On the nursing floors and in the clinics, it is all too common when facilitating problem solving around safety incidents to witness behavior that starts with finger-pointing from one discipline to another, and that feels habitual.  One day at a famous health system, a head injury patient had been injured in a fall when she went over the handrail in her bed while on a step-down unit.  Investigation quickly revealed that she had not been voiding urine (a consequence of the head injury) and many quarts had built up in her bladder.  She desperately needed to get to the bathroom but because of her head injury, she couldn’t communicate that to the staff.  She suffered bladder damage in addition to the damage caused by her fall.  When a pair of urologists were pulled to the fall site as part of the “5 why” analysis to help care for the patient and understand the systems-based cause so it could be prevented from recurring, their first comments were “This happens regularly,” and then “The neurologists won’t listen to us about the risk.  The unit doesn’t even have a bladder scanner.” The urologists’ look when they said “the neurologists” said it all.

“We Are Not Going to Do What We’ve Always Done”

We know where this story – uncomfortable perhaps but also obvious and common to those in healthcare – goes.  Or do we?  A self-reinforcing, longstanding, powerful culture that ensures continuous harm to the many even as it brings the miracles of modern medical specialization to bear for most.  One that subtly, or not so subtly, steals much of the power and impact from the typical healthcare institution’s “once over lightly” improvement systems.  Does it go here?  Or does it become … something better?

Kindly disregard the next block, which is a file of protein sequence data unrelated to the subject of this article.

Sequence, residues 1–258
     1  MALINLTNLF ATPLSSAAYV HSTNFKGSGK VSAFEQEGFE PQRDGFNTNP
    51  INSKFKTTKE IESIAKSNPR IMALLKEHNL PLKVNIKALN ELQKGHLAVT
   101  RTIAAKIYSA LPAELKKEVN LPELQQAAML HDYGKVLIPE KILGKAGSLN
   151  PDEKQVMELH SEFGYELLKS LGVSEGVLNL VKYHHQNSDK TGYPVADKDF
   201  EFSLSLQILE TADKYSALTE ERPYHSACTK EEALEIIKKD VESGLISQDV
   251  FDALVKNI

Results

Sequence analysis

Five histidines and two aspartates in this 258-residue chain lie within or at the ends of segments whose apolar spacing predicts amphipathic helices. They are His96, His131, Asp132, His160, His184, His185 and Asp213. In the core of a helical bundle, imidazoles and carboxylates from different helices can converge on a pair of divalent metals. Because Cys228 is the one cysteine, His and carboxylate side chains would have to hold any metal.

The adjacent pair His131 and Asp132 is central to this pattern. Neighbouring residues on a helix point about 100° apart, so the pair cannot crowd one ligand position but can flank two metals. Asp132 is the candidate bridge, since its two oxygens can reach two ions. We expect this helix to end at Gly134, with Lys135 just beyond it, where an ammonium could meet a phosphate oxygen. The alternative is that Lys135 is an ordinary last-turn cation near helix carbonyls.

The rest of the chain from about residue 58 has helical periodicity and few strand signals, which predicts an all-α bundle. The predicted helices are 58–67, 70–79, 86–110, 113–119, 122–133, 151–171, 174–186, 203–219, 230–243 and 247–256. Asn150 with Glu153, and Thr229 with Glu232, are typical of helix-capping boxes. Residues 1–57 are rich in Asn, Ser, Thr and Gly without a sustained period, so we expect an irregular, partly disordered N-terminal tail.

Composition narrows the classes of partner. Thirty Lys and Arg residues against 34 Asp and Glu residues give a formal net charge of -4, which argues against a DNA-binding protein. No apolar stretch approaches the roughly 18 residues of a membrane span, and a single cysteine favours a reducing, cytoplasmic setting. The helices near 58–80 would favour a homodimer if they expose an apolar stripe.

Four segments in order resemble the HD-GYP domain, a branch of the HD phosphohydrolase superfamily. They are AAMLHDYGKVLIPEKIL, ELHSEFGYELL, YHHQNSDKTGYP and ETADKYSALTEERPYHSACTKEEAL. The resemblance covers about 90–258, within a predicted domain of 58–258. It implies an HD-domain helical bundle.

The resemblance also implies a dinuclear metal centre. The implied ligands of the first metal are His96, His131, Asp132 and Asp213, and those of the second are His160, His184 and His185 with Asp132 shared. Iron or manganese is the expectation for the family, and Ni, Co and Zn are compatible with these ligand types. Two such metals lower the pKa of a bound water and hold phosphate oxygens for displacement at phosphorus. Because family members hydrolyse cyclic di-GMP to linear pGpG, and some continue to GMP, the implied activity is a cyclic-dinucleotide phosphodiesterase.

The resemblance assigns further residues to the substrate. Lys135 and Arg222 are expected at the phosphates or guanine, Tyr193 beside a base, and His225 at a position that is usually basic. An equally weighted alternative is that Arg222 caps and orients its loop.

“Something betters” are taking place all around us in healthcare, of course, where leaders – formal and informal, among the C-suite and among the professions and specialties, are choosing to lead with great energy and insight, in a fundamentally different way.  Just before the pandemic hit, I got the chance to witness a CMO at one of the nation’s leading academic centers inspire, but also insist that a small group of hepatologists and hospitalists work together to solve a serious medication error, together with all the other stakeholders.